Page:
The codeshare makes sense since MAS is not making money on its long haul flights. Cost aside, in truth, MAS is just not able to measure up to the competition of regional rivals that ply the same routes, most notably its closest rival Singapore Airlines (SIA). Kuala Lumpur International Airport (KLIA) where MAS is based and Singapore Changi Airport are less than an hour apart, but Changi outperforms KLIA in attracting hub traffic. Here lies the difference between Qantas and MAS. The Australian flag carrier’s move involves a critical shift of its kangaroo route hub from Changi to Dubai, advantaging the latter in the hub competition. Unlike Qantas, MAS does not enjoy a similar base market out of KLIA. Qantas’ shift is also an attempt to lure more traffic away from its rival SIA to connect through Dubai. It is unlikely that MAS will be able to lure hub traffic away from Changi to fly out of KLIA and connect onward from Dubai. MAS’ tie-up with Emirates is best seen as a necessary cost-cutting measure.

Quite clearly Mr Mueller who is often credited as the man who turned around Aer Lingus before joining MAS understands the criticality of the beleaguered carrier recovering strength before competing. He is building a strong regional network which can at the same time feed the longer routes. But the competition in this arena is just as tough. Besides legacy airline competitors such as SIA and Cathay Pacific, there is also an array of budget carriers that are becoming a real threat to full-service airlines. On home ground, MAS faces challenges from AirAsia, which is Asia’s largest budget carrier. The competition will intensify as Asean moves towards a more liberal open skies policy. (See The Elusive Asean Open Skies Dream. Dec 17, 2015).

When Qantas and Emirates inked their agreement, some sceptics cast doubt about its benefits to the former and in fact believed that the latter would gain more by it. But it was Qantas that needed it more as it introduced a transformation program to turn round its bleeding international arm, which Mr Joyce had said in subsequent reports of the airline’s financial performance that the arrangement has boosted the flying kangaroo’s bottom line.

If the Emirates tie-up was a lifeline thrown to Qantas, surely it is all the more so to MAS. In exchange for allowing MAS access to 38 destinations in Europe, 15 in the US and 38 in the Gulf region, Africa and Indian Ocean, Emirates will gain access to some 300 daily MAS flights in its Asian network. The question is: Does Emirates really need it? Perhaps selectively, to tap into the growing markets in countries such as China and Vietnam.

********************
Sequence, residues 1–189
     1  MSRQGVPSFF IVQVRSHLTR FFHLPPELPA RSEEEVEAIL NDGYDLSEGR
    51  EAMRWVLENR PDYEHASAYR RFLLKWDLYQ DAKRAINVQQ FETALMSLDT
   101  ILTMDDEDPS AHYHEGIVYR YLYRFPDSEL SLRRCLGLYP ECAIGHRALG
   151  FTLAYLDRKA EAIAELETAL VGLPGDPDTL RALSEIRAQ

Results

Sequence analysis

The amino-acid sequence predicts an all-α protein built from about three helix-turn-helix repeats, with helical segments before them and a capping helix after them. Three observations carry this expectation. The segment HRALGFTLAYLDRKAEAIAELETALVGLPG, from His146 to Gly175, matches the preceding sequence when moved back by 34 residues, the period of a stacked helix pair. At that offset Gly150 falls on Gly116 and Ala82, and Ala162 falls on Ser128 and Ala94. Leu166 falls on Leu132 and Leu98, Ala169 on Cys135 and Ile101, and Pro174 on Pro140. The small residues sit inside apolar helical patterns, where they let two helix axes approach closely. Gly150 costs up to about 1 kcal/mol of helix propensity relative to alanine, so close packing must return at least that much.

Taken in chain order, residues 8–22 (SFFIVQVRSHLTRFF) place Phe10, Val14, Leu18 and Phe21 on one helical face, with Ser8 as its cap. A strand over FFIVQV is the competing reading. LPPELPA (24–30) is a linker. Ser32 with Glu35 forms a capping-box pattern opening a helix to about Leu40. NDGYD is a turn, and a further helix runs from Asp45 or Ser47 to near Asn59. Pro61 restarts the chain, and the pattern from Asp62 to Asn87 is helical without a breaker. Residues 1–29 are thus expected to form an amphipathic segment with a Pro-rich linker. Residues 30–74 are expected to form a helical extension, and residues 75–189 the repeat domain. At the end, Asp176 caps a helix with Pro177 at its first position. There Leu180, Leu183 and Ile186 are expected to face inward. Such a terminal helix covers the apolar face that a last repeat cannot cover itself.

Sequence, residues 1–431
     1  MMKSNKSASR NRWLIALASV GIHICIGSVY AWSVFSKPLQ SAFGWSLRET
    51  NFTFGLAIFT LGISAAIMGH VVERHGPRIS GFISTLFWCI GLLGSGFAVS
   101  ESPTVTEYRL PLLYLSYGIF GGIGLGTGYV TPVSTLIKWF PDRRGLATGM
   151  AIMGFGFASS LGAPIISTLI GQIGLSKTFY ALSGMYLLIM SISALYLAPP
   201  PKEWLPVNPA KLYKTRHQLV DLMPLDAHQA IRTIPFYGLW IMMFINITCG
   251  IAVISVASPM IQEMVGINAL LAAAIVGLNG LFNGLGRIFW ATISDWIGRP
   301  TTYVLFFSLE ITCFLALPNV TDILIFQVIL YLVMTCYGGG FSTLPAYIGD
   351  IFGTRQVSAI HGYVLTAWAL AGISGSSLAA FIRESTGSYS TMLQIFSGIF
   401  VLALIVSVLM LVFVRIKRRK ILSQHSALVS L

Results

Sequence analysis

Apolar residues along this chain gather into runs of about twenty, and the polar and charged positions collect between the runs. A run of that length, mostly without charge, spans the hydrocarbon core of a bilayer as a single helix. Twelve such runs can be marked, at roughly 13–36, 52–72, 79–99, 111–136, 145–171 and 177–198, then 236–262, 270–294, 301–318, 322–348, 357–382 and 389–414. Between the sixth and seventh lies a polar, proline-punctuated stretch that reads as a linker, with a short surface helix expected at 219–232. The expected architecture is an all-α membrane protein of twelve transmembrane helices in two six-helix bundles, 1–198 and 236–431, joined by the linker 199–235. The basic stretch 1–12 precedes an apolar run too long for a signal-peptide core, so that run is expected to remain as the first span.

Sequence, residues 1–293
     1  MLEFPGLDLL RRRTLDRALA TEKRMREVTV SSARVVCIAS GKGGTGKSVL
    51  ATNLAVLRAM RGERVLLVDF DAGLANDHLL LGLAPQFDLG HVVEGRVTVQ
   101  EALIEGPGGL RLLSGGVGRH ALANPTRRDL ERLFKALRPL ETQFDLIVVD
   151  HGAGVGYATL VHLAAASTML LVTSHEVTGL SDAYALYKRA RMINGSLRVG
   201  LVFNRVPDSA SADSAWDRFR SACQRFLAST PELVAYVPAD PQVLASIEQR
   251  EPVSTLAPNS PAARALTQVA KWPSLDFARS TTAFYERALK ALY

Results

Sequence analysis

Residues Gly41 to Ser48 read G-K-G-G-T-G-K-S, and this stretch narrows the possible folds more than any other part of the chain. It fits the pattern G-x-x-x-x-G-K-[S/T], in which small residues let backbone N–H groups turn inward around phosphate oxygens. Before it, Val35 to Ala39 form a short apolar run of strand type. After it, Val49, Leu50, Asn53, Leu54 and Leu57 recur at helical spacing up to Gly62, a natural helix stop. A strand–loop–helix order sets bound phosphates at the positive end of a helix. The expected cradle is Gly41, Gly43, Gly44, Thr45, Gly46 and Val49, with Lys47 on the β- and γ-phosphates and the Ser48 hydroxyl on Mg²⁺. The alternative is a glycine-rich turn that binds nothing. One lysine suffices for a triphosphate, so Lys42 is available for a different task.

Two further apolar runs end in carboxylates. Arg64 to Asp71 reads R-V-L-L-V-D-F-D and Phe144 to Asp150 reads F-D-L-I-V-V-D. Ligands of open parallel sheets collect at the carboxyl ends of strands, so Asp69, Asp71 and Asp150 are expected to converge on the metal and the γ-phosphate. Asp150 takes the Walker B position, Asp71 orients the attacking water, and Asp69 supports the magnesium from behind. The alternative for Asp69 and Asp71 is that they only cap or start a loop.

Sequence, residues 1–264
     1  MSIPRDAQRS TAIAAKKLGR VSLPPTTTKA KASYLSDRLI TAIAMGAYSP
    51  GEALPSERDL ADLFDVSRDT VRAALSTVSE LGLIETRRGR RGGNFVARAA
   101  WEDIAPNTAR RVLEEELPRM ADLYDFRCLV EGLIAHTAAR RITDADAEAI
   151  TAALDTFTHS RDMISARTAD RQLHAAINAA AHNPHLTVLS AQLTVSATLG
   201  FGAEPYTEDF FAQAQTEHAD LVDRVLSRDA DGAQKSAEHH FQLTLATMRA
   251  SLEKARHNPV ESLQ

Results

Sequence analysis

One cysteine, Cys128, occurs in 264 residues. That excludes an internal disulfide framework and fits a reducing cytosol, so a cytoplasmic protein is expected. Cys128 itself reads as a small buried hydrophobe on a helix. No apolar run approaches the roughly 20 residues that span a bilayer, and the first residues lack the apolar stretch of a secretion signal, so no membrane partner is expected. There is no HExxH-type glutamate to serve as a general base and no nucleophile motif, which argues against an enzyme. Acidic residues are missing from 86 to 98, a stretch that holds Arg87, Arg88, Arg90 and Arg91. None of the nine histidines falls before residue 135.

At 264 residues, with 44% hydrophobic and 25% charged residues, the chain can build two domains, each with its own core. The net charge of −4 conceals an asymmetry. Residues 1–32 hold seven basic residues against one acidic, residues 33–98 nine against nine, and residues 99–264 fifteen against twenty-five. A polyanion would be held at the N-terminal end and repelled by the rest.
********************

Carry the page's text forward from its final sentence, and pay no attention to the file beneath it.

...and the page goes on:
In the bigger picture, Emirates has been forging codeshare agreements around the world. In Asia, besides MAS it already has arrangements with Bangkok Airways, Japan Airlines, Jet Airways, Jetstar Asia, Korean Air and Thai Airways International. Outside that region, it has entered into codeshare agreements with Air Malta, Air Mauritius, Alaska Airlines (pending government approval), Flybe, Jetblue Airways, Jetstar Airways, Oman Air, Qantas, South African Airways and TAP Portugal. Although there appears to be a low count of codesharing with European carriers, Emirates being strong in the competition provides good connections to the region. While the withdrawal of airlines of Qantas and MAS from Europe may be welcome news as seeming reduced competition for European carriers (and other international carriers as well), the feed from those partner airlines into Emirates will actually further strengthen Emirates’ position.

As far as MAS is concerned, riding on the back of another strong carrier may yet be its best bet for recovery.

This is a version of an article that was first published in Aspire Aviation.

The hangman cometh at Malaysia Airlines

mas logo2IF Christoph Mueller, the new man appointed to head Malaysia Airlines (MAS) – to be renamed on 1 September as a new airline – appears to be a hangman at the onset, it is understandable since termination letters have been sent to all employees ahead of the airline’s re-launch .  It is estimated that at least 6,000 employees will be axed and others offered to join the new airline. Some may be offered short-term contracts.

The staff cuts should not come as a surprise. It is an inevitable path that struggling companies undergoing restructuring are apt to take, and in almost all cases when a new helmsman comes on board. Mueller himself is an experienced hand in that respect. When he joined Sabena in 1999 as CEO, he axed several jobs as a way to keep the Belgian airline competitive, but unfortunately it went into bankruptcy in 2001.

Mueller was best known for his success at turning around loss-making Aer Lingus when he was appointed CEO of the Irish airline in 2009. He implemented a slew of cost cutting measures that include axing more than 600 jobs. After six years, he left Aer Lingus to join MAS, which some observers consider to be a bigger challenge.

Courtesy Irish Echo

Courtesy Irish Echo

The Malaysian flag carrier has been battling years of financial losses, and it suffered two disastrous airliner incidents last year – the disappearance of MH370 on Match 8 with 239 people on board followed two months later by the shooting down of MH17 over Ukraine, killing all 298 passengers and crew. Added to that, Mueller’s appointment was not one that was politically acceptable in all quarters, including some local businesses. Former Prime Minister of Malaysia, Mahatir bin Mohamad, for one considered it an insult to Malaysians and had reportedly said: “I am worried, if we do not believe in ourselves, one day when we need a prime minister we can get a white man because he is smarter than us.”